In a weekly column, alternately written by Lucien Engelen, Mary Fiers, Maarten Steinbuch, Carlo van de Weijer, and Tessie Hartjes, E52 tries to find out what the future will look like. All five contributors – sometimes accompanied by guest bloggers – are working on solving the problems of our time. Everything to make Tomorrow Good. This Sunday, it‘s Tessie Hartjes’ turn. Here are all the previously published columns.
Last week I was present for Lightyear at “the World’s biggest tech show” in Las Vegas. The CES attracts over 170,000 people in 4 days time, this year including high attendance in the person of Vice-President Mike Pence. At Holland Pavillion no less than 53 of the best Dutch start-ups were present. The organization’s recognition of the Dutch entrepreneurial spirit came in the form of an award as Innovation Champion. As far as I’m concerned, the beautiful large orange pavilion with the modest booths can grow even more in the coming years – to do justice to all Dutch innovations, we still have much more to show.
And despite the fact that we may still be able to learn a little from the Americans in this area, I wonder whether CES is the right place for it. Throughout the week, I had an enormous feeling of despondency. Las Vegas is built on show. A city full of entertainment, shop windows filled with luxury lifestyle products and a cocktail bar on every corner. For one of my colleagues, it was a greater cultural shock than 2 weeks in Vietnam. Las Vegas, with all its fake splendor and her casinos, for me is the embodiment of overexploitation in a land with so much beautiful nature and original culture. The many victims of the consumer society are constantly put in a mega-large spotlight by the abundance of LED lights and advertising billboards on the streets.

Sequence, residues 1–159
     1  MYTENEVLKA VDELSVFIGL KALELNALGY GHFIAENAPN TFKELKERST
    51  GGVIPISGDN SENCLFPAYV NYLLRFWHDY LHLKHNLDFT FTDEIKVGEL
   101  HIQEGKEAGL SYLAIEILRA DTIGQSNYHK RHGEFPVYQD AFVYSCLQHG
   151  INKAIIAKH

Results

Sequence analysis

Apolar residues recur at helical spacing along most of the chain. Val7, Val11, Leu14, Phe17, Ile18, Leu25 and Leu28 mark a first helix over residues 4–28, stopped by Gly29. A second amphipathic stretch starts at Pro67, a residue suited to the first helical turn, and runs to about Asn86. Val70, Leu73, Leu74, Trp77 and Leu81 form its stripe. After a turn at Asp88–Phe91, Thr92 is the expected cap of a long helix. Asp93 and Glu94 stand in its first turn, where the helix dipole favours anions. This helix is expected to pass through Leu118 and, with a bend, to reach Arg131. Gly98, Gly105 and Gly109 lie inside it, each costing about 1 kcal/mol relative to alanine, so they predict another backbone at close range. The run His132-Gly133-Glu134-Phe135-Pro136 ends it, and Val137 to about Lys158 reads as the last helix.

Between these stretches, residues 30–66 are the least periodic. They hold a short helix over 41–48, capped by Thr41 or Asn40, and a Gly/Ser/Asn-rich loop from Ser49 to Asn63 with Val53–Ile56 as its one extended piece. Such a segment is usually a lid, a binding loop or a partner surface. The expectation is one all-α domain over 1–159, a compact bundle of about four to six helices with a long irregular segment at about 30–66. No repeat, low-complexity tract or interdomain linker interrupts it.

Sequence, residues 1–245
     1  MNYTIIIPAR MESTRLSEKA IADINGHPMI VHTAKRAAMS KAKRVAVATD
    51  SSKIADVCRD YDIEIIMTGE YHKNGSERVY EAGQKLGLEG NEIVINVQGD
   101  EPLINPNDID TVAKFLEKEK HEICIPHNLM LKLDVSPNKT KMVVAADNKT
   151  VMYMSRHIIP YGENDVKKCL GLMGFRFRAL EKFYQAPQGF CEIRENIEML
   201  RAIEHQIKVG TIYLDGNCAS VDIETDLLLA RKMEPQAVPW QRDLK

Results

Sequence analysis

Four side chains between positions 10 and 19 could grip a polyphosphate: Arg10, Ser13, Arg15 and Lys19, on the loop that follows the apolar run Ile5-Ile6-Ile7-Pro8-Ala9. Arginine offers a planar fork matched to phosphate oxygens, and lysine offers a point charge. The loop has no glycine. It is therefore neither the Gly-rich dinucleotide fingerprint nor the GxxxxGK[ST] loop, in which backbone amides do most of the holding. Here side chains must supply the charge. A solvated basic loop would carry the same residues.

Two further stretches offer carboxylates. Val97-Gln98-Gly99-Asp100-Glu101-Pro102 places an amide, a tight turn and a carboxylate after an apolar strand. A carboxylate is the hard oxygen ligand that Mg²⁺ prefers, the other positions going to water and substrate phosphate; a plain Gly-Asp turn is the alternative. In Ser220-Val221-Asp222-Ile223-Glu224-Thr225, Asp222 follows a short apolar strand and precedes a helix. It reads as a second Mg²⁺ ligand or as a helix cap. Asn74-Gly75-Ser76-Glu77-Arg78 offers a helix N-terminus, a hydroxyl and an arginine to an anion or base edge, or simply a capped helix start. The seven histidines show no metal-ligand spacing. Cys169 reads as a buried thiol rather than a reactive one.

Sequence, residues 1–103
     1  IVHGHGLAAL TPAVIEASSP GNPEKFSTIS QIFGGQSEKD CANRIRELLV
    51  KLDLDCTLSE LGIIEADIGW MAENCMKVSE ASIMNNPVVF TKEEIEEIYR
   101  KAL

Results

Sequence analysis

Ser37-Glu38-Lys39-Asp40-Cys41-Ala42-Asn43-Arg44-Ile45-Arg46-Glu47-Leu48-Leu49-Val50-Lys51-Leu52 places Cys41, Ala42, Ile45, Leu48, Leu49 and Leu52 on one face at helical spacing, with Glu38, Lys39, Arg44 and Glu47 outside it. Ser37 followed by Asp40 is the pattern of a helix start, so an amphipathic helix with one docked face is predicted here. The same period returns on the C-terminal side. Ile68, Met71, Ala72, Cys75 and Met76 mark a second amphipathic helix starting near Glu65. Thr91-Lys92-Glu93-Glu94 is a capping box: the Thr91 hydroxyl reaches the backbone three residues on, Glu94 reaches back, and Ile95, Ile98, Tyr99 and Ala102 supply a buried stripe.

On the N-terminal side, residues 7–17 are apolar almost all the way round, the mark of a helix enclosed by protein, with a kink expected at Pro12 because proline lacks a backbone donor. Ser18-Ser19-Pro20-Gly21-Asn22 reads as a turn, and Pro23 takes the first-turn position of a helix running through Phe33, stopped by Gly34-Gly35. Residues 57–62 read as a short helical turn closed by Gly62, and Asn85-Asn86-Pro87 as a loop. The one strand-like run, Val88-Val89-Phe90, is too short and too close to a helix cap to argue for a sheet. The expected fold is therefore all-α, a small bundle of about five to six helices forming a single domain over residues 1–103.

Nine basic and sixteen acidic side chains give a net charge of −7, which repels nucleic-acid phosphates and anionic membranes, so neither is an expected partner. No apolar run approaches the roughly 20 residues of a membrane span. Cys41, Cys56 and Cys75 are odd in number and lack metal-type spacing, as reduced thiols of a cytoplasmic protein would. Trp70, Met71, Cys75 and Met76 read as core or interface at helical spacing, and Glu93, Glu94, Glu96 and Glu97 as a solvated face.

In addition, the many gadgets shown on CES are aimed at the prosperous consumer and facilitating all facets of his life. Sometimes it makes me feel that we are too dependent on a relatively small but prosperous group of consumers. This sometimes remains difficult to reconcile with our mission. Luckily, every time I’m surprised by the dedication, drive, and courage of our first buyers to do something good for society and the planet. They choose to become part of a new movement and make the first indispensable investments. So that we can move as quickly as possible to larger runs for lower costs. They support Lightyear’s mission and want to contribute by making a reservation.
Sustainable transport everywhere and for everyone. At the moment it is not possible to produce the Lightyear One in very large numbers (think of hundreds of thousands), the technology is just ready for a limited edition of first exclusive solar cars. The concept therefore requires further development to grow into mass production. It is precisely this development that is Lightyear’s most important and main goal in the long term. The current small runs inherently increase Lightyear One’s price level. In order to get as close to the final goal as possible, we are already fulfilling part of the promise: electric cars that can go anywhere. Sustainable transport that works everywhere. Then, step-by-step, we work towards a model for everyone. And then, when I see the American cars, the incredible waste of capital and energy in Las Vegas, it is all the more annoying that we cannot already fill the vast parking spaces there with our solar cars.
After a week of American abundance and profusion, it makes me all the more proud to be Dutch. It confirms for me our chosen approach and sense of reality. Our goal is not only to build a sustainable car, but also to build a sustainable company with healthy and happy employees who are facilitated to come to their full advantage.
Let’s show them how it is done!
Become a member!
On Innovation Origins you can read the latest news about the world of innovation every day. We want to keep it that way, but we can't do it alone! Are you enjoying our articles and would you like to support independent journalism? Become a member and read our stories guaranteed ad-free.